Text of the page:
One of the greatest of tragedies in the life of a church is that of needless strife and division. No one is left untouched. People who were beginning to come to church, become harder to reach with the Gospel. Immature Christians grow cynical and fall away. The Church often develops a reputation in the community that is difficult to live down, sometimes for a generation or more. Church splits, that come about as the result of sin, cause untold damage to the cause of Christ. It's true that God in His sovereignty and grace can take any bad situation and bring good out of it.
It is one thing to divide and separate ourselves from a church that is set on a course of false doctrine. When the Doctrine of Christ or the issue of the Inspiration of the Bible is at stake and there is no way to change the position of the church; the Christian has no choice but to part company with the apostates.
II Corinthians 6:14-18 II John 7-11.
However, in nearly every other situation, division is the result of carnality and pride. Proverbs 13:10 bluntly states, "ONLY by PRIDE cometh contention." Paul sent his Epistle of I Corinthians to the carnal church at Corinth to deal with the pride and division that was destroying them.
The responsibility to protect from division rests primarily with the pastor. The pastor MUST feed the flock and build them up. In Ephesians 4 Paul writes the church about their responsibility to guard well the unity that the Holy Spirit gives them. In that chapter the emphasis is again put on the pastor's work of feeding and caring for the flock entrusted to him. Such efforts result in a beautiful, peaceful church increasingly growing into the very likeness of Christ.
Like the Good Shepherd in John 10, the true pastor cares for the feeding and the protection of his flock. It is always uppermost in his mind and nothing is more important for it brings glory to God.
On the other hand, the hireling of John 10 has no concern for the flock whatsoever. To him his church is just a stepping stone to bigger opportunities. He cares only for himself and what he can gain from his flock. When he had gotten what he wants, he leaves, taking whatever and whoever he can with him.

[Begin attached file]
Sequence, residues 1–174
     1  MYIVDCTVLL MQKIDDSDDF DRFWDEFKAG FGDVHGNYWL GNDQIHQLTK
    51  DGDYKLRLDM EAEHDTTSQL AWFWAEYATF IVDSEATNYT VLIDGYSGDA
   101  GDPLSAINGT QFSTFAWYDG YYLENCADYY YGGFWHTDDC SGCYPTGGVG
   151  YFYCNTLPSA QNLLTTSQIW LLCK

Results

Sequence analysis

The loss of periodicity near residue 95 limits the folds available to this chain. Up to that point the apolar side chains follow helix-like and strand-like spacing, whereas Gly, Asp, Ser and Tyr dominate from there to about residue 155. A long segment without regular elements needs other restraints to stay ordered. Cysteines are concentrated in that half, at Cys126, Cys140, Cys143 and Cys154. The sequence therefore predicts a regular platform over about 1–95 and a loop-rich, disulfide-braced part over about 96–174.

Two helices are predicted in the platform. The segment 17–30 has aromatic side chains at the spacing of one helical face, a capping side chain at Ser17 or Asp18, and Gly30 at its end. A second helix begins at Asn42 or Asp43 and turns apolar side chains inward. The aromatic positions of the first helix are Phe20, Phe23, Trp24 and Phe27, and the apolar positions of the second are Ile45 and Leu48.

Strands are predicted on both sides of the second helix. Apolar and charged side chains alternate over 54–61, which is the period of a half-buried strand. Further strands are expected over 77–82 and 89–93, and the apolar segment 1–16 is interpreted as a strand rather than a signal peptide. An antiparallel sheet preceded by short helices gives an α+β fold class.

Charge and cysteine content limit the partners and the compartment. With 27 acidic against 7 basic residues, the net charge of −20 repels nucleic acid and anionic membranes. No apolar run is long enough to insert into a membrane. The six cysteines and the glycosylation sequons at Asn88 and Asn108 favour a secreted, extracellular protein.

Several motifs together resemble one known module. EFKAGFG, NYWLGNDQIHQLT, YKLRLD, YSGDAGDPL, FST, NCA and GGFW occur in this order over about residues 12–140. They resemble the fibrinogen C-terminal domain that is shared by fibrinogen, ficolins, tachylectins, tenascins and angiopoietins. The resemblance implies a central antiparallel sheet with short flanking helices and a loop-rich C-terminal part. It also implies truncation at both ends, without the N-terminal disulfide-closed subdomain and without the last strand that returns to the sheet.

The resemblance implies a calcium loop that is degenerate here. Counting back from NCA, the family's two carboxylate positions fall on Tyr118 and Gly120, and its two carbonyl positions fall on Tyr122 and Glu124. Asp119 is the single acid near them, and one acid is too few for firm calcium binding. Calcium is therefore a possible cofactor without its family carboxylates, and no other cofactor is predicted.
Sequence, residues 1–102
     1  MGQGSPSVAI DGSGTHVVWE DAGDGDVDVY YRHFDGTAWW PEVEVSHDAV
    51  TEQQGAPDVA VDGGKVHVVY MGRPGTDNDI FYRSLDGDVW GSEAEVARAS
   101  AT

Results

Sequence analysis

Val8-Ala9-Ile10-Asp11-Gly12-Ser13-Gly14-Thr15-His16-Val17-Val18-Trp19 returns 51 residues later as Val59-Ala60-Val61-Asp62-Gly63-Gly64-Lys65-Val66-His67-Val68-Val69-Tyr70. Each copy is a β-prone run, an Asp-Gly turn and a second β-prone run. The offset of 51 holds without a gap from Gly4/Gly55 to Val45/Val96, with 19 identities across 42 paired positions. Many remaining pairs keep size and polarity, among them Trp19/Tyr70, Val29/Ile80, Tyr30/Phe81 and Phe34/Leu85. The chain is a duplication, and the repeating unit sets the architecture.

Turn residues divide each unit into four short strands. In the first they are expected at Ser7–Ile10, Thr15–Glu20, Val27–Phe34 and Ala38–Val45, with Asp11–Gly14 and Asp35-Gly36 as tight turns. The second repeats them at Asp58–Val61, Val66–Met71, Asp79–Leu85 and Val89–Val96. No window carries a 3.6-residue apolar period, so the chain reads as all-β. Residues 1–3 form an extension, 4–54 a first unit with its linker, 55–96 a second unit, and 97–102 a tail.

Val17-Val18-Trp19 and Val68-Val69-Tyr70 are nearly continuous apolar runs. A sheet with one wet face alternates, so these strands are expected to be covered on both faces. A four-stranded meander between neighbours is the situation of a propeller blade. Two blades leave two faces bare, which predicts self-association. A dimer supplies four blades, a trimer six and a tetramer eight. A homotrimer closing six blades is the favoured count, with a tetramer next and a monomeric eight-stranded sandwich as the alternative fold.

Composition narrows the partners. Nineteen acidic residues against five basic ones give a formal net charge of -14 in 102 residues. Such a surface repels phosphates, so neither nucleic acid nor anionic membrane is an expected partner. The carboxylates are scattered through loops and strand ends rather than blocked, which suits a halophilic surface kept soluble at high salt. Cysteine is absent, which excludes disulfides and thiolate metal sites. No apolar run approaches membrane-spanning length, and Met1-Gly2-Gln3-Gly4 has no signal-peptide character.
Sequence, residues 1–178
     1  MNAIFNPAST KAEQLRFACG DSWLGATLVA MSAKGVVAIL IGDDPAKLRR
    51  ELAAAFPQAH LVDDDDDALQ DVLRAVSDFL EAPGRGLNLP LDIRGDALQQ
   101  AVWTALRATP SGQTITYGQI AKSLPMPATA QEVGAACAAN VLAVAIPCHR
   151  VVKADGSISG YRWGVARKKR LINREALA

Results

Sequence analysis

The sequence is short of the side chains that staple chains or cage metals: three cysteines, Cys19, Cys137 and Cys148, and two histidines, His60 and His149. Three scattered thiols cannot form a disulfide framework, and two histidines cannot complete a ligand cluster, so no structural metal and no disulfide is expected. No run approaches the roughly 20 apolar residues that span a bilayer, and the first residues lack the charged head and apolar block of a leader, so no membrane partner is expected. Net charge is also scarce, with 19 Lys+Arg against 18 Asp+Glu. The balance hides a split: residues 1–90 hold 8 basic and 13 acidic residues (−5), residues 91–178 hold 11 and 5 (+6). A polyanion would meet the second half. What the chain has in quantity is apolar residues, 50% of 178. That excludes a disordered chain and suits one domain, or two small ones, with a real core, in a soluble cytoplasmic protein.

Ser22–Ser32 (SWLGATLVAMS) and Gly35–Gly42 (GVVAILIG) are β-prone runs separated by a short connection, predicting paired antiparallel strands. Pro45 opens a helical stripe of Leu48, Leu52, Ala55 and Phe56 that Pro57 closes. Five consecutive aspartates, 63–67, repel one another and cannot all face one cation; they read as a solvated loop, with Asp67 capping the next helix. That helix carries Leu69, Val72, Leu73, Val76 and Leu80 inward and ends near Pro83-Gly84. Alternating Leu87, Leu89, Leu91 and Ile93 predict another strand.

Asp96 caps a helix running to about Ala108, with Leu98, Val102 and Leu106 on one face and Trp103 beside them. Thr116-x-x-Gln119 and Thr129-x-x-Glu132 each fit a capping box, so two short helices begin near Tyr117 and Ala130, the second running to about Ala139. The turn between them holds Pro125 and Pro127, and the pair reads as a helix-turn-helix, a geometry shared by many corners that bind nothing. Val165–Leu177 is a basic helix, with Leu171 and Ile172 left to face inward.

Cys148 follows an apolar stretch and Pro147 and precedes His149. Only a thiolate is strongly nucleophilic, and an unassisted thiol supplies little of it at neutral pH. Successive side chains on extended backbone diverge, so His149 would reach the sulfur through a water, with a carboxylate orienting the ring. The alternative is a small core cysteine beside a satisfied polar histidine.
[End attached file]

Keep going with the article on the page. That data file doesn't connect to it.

Trouble-makers are not hard for spiritually-minded Christians to spot. Through their smooth talking and superficial piety, they don't hesitate to divide Christians from one another.
Just as surely as sheep grow wool, sheep are followers. No matter what their position in the business world; when it comes to the church, sheep tend to follow. If they don't follow their pastor, someone else will appear for them to follow. That's why Paul in Acts 20:29-30 warns the Ephesian church in his farewell address to them. Every true pastor should be able to say with Paul in I Corinthians 4:16 "Be ye followers of me." But that leadership must not be coerced or forced. It must be exercised by our example. I Peter 5:2-3
Remember, the true shepherd loves his flock and guards them from division and strife. The false shepherd doesn't care about unity. His only concern is that he has his way and he WILL have it at all costs, no matter what damage he does to the flock.
Early in my ministry I pastored two small country churches several miles apart, Mt. Hermon and Mt. Zion. I have an idea that the experience must be a little like being the husband of two wives at the same time. Psalm 133 became very meaningful to me at that time. "Behold, how good and how pleasant it is for brethren to dwell together in unity! It is like the precious ointment upon the head, that ran down upon the beard , even Aaron's beard: that went down to the skirts of his garments. As the dew of Hermon and as the dew that descended upon the mountains of Zion: for there the Lord commanded the blessing, even life for evermore."